Newspaper Page Text
B. II. ADAMS, Publisher.
CAPE GIRARDEAU. - MISSOURI
The News Condensed.
Important Intelligence From All Parts.
Joseph BoyER, a miserly farmer who
lived near Sedalia, Ma, died without
revealing the hiding place of his
Six United States prisoners escaped
from jail at Fort Scott, Kan., among
them being Bill West, the notorious
Is a fight with shotguns in Macon
county, Ala., the result of a long
standing feud between the Riddle and
Christian families, Slab Biddle was
killed and Charles and Andrew Biddle
were fatally wounded.
The town of Gilmanton, Wis., was
nearly wiped out by fire.
Mrs. John F. Core, of Marion, Pa.,
took her 2-year-old child to a well and
dropped it in and the infant was
The report of the experts in Chicago
who investigated the whisky trust ac
counts says that a discrepancy of 81,
Severe wind storms swept over Ohio,
Illinois and other towns. Dust storms
prevailed in Iowa and Illinois.
The mutilated bodies of Mrs. Sam
Butler (colored) and her 8-year-old son
were found at Meridian, Miss. They
were supposed to have been murdered
by the husband of the woman.
A toexado visited Delaware, O.,
and surrounding sections, unroofing
houses, uprooting trees and demolish
The Steel Edee Stamping and Retin
xting company, of Millis, Mass., failed
The 150th anniversary of the foun
dation of the Second Parish Unitarian
church was celebrated at Binghamton,
Mass., in the meeting-house which was
erected in 1742.
The survivors of the invading army
that marched to Washington under
Gen. Coxey a year ago had a reunion
at Massillon, O.
Coal operators in Indiana were dis
cussing a plan to form a pool like the
one recently effected in Ohio.
Citizens of Lexington, Neb., were
urging Sam Woi Tai, a Chinaman, to
make the race for mayor of the place.
The bank at Mount Morris, 111., was
robbed, the safe being wrecked with
dynamite. It was thought that only
$150 was taken.
Incendiaries caused the total de
struction of Robinson & Co.'s stock
barns near Decatur, Ind. Over 150
bogs and some cattle and horses were
Flames that started in the furniture
store of A. F. Tanner & Co. in Mil
waukee burned out twenty business
bouses, the total loss being 81,000,000.
The president appointed CoL Thad-
deus H. Stanton to be paymaster gen
eral of the army, to succeed Gen. Wil
liam Smith, retired.
A bill was introduced in the New
Tork senate to prohibit the wearing of
tights by women.
The commission sitting in Washing
ton in the claims of American citizens
against the Venezuelan government
decided in the former s favor.
Minister Thurston, of Hawaii, de
cided to depart from Washington be
fore his government could officially re
At Greenville, Miss., fire destroyed
the Planters' oil mill, the loss being
The Nashua savings bank, the third
largest in New Hampshire, closed its
doors with liabilities of 83,000,000.
John R. Tucker, aged 51, an attor
ney at Jeffersonville, Ind., was killed
in an encounter with William lay lor,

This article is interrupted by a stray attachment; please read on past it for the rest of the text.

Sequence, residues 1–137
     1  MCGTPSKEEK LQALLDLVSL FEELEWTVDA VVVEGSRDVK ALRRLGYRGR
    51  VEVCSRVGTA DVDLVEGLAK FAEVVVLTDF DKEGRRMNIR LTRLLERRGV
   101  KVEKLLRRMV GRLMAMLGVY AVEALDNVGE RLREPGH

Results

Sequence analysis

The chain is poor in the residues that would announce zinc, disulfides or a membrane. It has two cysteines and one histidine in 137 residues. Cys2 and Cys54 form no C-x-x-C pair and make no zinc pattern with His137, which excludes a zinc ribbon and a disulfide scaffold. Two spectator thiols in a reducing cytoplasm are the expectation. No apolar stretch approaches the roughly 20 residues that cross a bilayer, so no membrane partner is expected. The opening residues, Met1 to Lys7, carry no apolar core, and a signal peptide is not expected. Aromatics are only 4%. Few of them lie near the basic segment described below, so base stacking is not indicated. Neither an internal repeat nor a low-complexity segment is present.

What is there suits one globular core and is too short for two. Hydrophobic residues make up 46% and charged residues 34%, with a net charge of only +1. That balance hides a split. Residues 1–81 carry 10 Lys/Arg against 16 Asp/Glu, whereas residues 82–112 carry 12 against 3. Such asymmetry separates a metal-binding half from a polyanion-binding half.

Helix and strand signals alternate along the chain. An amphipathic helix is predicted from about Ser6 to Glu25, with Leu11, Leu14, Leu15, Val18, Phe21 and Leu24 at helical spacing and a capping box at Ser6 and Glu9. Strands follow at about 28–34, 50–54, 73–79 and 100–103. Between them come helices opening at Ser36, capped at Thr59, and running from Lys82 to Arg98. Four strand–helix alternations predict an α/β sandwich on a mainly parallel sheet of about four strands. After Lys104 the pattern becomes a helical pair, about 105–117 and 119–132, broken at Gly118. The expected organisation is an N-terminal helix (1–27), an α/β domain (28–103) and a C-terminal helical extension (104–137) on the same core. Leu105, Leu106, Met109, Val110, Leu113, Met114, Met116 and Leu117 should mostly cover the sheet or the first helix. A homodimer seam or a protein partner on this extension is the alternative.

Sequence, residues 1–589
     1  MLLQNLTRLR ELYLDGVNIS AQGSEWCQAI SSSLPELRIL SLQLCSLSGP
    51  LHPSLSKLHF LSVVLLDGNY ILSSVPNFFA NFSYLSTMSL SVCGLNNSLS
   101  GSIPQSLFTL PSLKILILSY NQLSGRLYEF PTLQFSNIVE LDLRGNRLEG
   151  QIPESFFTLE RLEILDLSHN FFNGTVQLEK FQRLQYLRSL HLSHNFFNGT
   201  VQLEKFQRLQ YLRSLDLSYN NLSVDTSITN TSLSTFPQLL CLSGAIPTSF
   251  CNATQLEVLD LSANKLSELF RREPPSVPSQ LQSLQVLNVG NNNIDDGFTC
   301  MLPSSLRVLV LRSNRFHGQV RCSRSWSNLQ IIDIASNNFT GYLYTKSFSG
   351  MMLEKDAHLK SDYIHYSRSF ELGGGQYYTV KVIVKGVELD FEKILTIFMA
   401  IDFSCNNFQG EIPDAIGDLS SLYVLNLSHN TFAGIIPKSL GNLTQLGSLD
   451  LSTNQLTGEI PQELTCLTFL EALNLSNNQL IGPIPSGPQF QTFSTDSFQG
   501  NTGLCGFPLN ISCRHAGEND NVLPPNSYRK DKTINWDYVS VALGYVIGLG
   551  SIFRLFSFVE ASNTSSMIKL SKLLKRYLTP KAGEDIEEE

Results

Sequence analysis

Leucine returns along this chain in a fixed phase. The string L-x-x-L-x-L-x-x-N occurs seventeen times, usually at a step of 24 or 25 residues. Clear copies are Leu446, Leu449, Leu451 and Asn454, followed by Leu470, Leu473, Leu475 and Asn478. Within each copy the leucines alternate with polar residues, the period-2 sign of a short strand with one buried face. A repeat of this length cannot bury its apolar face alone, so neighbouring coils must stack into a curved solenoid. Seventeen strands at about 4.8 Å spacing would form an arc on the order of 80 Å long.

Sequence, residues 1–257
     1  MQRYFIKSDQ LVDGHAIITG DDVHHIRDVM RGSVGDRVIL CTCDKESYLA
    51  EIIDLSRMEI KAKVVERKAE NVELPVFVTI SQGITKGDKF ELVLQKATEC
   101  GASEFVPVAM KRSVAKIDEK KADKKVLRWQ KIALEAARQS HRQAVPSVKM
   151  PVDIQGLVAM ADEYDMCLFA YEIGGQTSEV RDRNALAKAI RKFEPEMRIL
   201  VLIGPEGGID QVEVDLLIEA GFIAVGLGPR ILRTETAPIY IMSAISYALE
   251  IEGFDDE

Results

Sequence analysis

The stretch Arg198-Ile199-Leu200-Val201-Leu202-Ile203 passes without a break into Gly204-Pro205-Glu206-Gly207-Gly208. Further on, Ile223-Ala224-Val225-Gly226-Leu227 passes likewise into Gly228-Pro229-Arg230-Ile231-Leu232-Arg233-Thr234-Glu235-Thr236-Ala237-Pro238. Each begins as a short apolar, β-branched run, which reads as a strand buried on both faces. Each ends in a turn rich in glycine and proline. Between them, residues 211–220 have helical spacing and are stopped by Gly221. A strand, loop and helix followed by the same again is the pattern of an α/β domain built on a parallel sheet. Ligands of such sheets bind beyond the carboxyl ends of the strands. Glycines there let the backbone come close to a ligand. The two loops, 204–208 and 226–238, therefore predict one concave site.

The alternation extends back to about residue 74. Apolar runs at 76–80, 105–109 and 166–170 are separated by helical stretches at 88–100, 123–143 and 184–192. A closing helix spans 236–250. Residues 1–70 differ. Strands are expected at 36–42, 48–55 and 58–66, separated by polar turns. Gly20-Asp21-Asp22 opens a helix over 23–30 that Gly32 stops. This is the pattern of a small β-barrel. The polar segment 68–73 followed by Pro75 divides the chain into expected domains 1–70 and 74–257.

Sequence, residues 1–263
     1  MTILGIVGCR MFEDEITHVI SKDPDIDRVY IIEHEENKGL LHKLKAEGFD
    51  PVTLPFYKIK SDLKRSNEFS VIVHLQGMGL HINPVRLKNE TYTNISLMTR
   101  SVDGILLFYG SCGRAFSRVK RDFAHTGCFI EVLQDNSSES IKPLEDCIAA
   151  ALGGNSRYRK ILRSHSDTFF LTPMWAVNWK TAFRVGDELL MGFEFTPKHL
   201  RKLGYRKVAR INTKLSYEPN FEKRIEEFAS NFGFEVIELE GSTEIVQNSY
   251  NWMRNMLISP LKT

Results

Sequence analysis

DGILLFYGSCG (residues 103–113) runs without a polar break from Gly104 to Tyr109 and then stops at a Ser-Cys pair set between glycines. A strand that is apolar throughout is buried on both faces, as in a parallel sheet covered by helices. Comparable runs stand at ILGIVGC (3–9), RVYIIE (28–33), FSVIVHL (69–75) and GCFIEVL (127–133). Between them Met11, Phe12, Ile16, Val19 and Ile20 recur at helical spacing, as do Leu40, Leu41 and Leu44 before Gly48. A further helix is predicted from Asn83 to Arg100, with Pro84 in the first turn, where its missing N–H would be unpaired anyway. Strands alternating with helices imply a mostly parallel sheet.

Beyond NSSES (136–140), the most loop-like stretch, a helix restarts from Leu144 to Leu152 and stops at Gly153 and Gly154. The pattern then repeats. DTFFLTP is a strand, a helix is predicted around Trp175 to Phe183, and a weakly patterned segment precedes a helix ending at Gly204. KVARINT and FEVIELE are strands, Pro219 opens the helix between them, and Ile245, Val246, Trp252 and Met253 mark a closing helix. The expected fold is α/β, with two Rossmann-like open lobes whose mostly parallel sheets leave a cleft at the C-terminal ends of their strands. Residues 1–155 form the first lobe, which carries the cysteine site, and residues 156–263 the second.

Maggie Tiller, convicted of the
murder of Freda Huntington in Chi
cago, was sentenced to be hanged
This was the first time that a woman
had been condemned to death in the
courts of Cook county.
Another shortage of 8400.000 was
found in Chicago in the accounts of the
The seventeenth annual encampment
of the G. A. R. department of Michigan
commenced at Mount Clemens.
Gov. Altgeld issued a proclamation
designating Friday, April 19, as Arbor
day in Illinois.
Two men were killed and three others
badly injured by the explosion of a
sawmill boiler near v an V ert, O.
Closing arguments were made in the
Debs case before the United States su
preme court in Washington. An early
decision was expected.
Frank Sutler, an assayer, shot and
fatally wounded his wife at San Fran
cisco and killed himself.
A fire in the Bell clothing store in
Chicago caused a loss of 8175,000.
It was said that a prominent citizen
of Jacksonville, Fla.. was under con
tract with sympathizers of the Cuban
patriots to engage 10,000 negroes from
Florida to go to Cuba to aid the pa
triots. Gen. S. B. Daboll, of St Johns, was
elected department commander of the
Michigan G. A. R. at the annual en
campment in Mount Clemens.
The Commercial bank at Cincinnati,
a state institution long regarded as
financially solid, closed its doors with
liabilities of 81,000,000.
A settlement of the Davis will con
test was effected by the heirs of the
A RESOLrnoN fixing May 2 as the
date for final adjournment was adopted
by the Illinois senate.
It was stated in Chicago that the
prices of all kinds of meats would be
higher this summer than they have
been for ten years past.
Ten horses and twelve cows perished
by the burning of Charles Jarrett's
barn near Fort Dodge. la.
Fire at West Superior, Wis., de
stroyed J. P. Nelson's property and his
wife and three children were probably
At Jefferson la., the thermometer
registered 90 degrees in the shade on
The mayor and board of . trustees of
Madison, I1L, were found guilty of
malfeasance in office for permitting a
gambling house to run.
Burglars, in an attempt to find hid
den money, cruelly tortured Mrs. Mary
Berger, aged 86 years, at Springfield,
Four counterfeiters. Jefferson May
and John, James and Chauncey Boyer,
were arrested at Rockford, I1L
The Clarence bank at Clarence. Mo.,
suspended with liabilities of 880.000.
Attornet General Olnet says that
the printing of facsimiles of fopeign
postage stamps is a violation of the act
of 1691, which prohibits the counter
feiting of foreign obligations or se
curities. The Auburn state bank, located at
the village of Auburn. 111., was robbed
of something over 81.000 by burglars.
Officers of the Queen & Crescent
railroad intercepted train robbers at
Greenwood, Ky., and killed two of
Miss Amt Thill, an actress, aged 24,
was murdered in New York by John
Bigelow, an actor, who then ended his
Mrs. Frank Annis perished in her
burning home near Fenton, Mich.
The firm of Malcolm & Waterbury,
of Chicago, which did an extensive
bucket-shop business in Illinois, Mis
souri, Nebraska and Iowa, failed for
Statistics show that 373 railroad
companies in this country are now
building, or contemplating doing so
soon. 20,547 miles of new road.